A CHALLENGING year of hospitality closures and Covid-19 restrictions may have taken its toll on Scotland’s agritourism industry, but it has not deterred it from undergoing ‘transformational change’ to professionalise its offering, reinvigorate its digital presence and adapt to new market trends.

The second year of the Scottish Enterprise Agritourism Monitor Farm Programme has now drawn to a close and both featured farms, plus a core community of businesses, have worked closely over the past year through monthly Zoom meetings and workshops to share ideas on how to weather the Covid-19 storm, whilst still having the confidence to grow their businesses.

For most, this has involved taking on new members of staff to share workloads; rebranding or launching new websites and developing their social media profiles, as well as expanding their offering to tap into the growing consumer appetite for farm to fork experiences.

Monitor farmers, Bobby and Anne Lennox, and their daughter, Kay and husband, Dougie, farm at Shemore and Shantron Farms, near Luss, on Loch Lomondside – where the family has been since since 1750 – and also run a farmhouse bed and breakfast, a growing farm tour business and glamping barns.

Covid-19 impacted the business significantly, with delays to materials for building the barns and restrictions impacting tour capacities.

However, despite a challenging year, with the support of the Monitor Farm programme the family successfully launched their new brand ‘Lennox of Lomond’, and have now opened their initial glamping barns to the public, with planning permission in place to build up to 10 on-site.

New glamping barns at Shemore Farm opened in September 2020 and work is underway to build more despite disruptions to global supply of wood

The Lennox family launched their first two glamping barns at Shemore Farm, near Luss, in September, 2020

“The professionalism of the brand has really stepped up since we launched ‘Lennox of Lomond’ and our new website has been a fantastic part of that,” said Kay. “It pulls together all parts of the business and our story – we want folk to follow our journey and trust in what we are doing.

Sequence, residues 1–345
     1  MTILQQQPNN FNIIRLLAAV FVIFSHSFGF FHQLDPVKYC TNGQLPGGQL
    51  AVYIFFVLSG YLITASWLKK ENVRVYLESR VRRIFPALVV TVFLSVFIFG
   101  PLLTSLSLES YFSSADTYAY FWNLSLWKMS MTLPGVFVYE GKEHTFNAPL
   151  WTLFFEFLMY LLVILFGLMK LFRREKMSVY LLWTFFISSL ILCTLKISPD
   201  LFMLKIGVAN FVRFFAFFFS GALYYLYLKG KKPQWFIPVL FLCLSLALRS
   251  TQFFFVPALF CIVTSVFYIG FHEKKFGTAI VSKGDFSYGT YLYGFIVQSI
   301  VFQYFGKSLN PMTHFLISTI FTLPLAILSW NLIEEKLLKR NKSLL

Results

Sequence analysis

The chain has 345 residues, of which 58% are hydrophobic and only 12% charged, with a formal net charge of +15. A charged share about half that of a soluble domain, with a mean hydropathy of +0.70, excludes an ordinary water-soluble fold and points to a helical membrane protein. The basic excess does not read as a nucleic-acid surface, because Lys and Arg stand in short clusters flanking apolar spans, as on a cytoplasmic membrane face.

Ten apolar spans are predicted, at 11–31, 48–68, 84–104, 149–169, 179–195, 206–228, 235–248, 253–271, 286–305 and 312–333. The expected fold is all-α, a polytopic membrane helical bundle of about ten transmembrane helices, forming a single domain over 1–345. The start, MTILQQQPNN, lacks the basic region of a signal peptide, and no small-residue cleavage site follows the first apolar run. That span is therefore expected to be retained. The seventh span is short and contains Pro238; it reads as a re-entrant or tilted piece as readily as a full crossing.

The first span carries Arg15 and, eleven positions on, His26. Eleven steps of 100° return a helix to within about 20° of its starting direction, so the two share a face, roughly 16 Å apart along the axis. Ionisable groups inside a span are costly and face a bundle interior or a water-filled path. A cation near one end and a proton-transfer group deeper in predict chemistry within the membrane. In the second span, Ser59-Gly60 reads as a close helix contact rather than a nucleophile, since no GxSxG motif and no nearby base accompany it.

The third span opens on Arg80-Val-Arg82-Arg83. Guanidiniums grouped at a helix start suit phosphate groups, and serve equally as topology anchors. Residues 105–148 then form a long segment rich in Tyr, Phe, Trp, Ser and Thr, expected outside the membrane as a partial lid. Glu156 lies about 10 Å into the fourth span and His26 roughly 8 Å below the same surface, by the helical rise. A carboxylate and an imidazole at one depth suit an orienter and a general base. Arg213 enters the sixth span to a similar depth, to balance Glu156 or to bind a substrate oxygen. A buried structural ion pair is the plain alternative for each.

“We had hoped to launch our barns in July but with material shortages this delayed us until September,” she continued. “During lockdown, it seemed that everyone decided to do up their garden and decking, causing a global shortage in wood.

“However, when we did finally launch, we were so busy, with a 98% booking rate for the six weeks before the next lockdown hit.

“Part of our focus with the Monitor Farm programme had been to look at how best to utilise our time and we now have a bookkeeper which allows me to manage other sides of the business and we have a bank of five cleaners and gardening staff,” she continued.

“As farmers, we like to do everything ourselves, so it took a wee bit of time to get our head around it. Bringing in a professional company, the difference was 10-fold and really allowed us to maximise the business.”

Drift Cafe owned by Monitor Farmers Jo and Stuart McNicol, of Castleton Farm, North Berwick, is an impressive structure built from upcycled shipping containers resting on a cliff face, boasting sea views.

They had to close for nine months of trading between March, 2020, and March, 2021, but their ‘saving grace’ was an old horse trailer which was converted in to a takeaway unit: “The trailer was able to remain open throughout as it was outside, which allowed us to keep on some staff,” said Jo.

“We cut our brunch menu down to fit with the ‘eat on the go’ message and between January and the beginning of May this year we had sold more than 2500 sausage rolls. We became a lifeline for lots of customers who constantly commented on the fact they were so appreciative that we were actually open in lockdown.”

Through taking part in the Monitor Farm programme Jo and Stuart looked at improving their food offering and have taken on new chefs and bakers to offer a more interesting and complex menu. Staff expansion has also included a manager and supervisors to allow Jo to focus on the business, rather than helping in the kitchen.

Through taking part in the Monitor Farm programme Jo and Stuart have looked at improving their food offering and have taken on new chefs and bakers to offer a more interesting and complex menu.

Through taking part in the Monitor Farm programme Jo and Stuart McNicol decided to take on new chefs and bakers to offer a more interesting and complex menu at Drift